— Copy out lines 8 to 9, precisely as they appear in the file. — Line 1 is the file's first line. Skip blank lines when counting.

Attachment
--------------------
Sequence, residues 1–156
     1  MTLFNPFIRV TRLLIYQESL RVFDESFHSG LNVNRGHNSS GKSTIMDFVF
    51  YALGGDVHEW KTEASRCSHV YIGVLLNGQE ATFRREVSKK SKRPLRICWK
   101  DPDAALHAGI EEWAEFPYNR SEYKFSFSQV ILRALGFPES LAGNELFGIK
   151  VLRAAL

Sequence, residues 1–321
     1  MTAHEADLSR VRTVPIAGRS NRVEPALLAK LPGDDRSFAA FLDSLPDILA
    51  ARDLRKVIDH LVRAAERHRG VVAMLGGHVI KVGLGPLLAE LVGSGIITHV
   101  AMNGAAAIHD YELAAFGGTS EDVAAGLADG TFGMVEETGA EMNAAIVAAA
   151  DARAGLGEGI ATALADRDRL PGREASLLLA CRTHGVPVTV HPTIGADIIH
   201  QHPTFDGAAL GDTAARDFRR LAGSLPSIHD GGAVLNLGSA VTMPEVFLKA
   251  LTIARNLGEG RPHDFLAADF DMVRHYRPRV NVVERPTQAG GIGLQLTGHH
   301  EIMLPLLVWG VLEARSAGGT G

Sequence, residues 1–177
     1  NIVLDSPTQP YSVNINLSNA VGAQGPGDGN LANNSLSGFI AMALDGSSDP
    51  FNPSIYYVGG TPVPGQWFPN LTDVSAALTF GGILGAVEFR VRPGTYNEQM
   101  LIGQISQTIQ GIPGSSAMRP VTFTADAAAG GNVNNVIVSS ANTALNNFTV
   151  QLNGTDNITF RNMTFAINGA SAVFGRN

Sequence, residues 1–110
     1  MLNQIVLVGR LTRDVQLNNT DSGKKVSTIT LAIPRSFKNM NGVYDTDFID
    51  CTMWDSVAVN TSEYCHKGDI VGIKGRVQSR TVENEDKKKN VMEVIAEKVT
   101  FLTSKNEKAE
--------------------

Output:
    51  ARDLRKVIDH LVRAAERHRG VVAMLGGHVI KVGLGPLLAE LVGSGIITHV
   101  AMNGAAAIHD YELAAFGGTS EDVAAGLADG TFGMVEETGA EMNAAIVAAA